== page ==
The name of Jesus in Hebrew is Jeshua, and it means salvation (Strong’s H3444). Jeshua appears seventy-eight times in seventy-seven verses in the Old Testament. If you read the verses containing this word and substitute jeshua with Jesus, the results are very interesting.
The first occasion of jeshua is in Genesis 49:18 as Jacob blesses and prophesies over his twelve sons. After his statement regarding Dan, which is not entirely complimentary, Jacob said, “I have waited for Your Jesus, O LORD.” For millennia the rabbis have said that the wicked man of the End Times (the anti-Christ) would come from the tribe of Dan. This may explain Jacob’s addition to his prophecy about Dan.
Here are several scriptures in which the word salvation (jeshua) is found and how they read by substituting Jesus instead:
When the Temple existed, during the Feast of Tabernacles, a procession of priests would go to the Pool of Siloam and bring back many gallons of water. This they would proceed to pour out on the altar. It was called the “Ceremony of Water Pouring.” As they did this they would quote Isaiah 12:3, “Therefore with joy you will draw water from the wells of Jesus.” (salvation/jeshua)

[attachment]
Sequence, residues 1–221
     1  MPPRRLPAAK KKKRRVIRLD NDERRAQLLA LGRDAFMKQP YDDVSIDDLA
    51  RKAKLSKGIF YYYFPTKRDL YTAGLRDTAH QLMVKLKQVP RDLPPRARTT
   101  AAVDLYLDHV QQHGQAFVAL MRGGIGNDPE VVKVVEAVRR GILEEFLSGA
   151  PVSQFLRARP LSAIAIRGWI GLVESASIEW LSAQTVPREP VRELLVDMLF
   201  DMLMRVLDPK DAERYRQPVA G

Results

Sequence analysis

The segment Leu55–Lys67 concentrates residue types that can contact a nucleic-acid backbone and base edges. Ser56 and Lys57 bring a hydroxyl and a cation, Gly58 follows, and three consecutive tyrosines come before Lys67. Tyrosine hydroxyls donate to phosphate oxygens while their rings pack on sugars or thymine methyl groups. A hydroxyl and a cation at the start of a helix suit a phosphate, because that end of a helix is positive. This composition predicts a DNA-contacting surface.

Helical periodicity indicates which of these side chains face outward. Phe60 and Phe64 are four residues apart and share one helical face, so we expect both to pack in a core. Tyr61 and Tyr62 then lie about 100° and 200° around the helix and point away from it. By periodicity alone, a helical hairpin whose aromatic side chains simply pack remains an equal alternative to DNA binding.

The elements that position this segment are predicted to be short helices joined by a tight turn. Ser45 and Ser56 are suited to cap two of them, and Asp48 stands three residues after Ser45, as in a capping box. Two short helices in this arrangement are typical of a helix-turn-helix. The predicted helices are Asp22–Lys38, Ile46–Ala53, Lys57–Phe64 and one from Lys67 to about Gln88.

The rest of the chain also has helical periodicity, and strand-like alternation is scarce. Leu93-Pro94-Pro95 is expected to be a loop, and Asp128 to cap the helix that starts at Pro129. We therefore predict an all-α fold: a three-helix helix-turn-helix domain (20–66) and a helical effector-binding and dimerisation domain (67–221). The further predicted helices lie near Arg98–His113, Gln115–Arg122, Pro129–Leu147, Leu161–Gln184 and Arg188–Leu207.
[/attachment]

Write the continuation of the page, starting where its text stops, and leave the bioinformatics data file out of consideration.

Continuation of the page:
Where did they get the idea for this ceremony? I am aware of no scriptural instruction, but by pouring water on the altar, they were extinguishing the altar fire. The priests were figuratively and prophetically showing the need for no further sacrifice. This occurred when we were able to draw from the well of true Salvation, Jesus.
As it happens, this event, which occurred during the Feast of Tabernacles, was recorded by the Apostle John in John 7:37. Jesus was there. “On the last day, that great [day] of the feast, Jesus stood and cried out, saying, ‘If anyone thirsts, let him come to me and drink.’” Jesus is the well source of salvation.
Not all Jews were blind to the Coming of the Messiah. A righteous man named Simeon was looking for the Messiah, and it had been revealed to him by the Holy Spirit that he would not die until he saw Jesus. Luke 2:27-30 describes the encounter between Simeon and Joseph, Mary and Jesus.
Although the Greek language of the New Testament does not directly use the name of Jesus in this text, if Simeon was speaking in Hebrew, he would have said, “ . . . for my eyes have seen Your Jesus.”
Praise the Lord always for the Salvation of Jesus.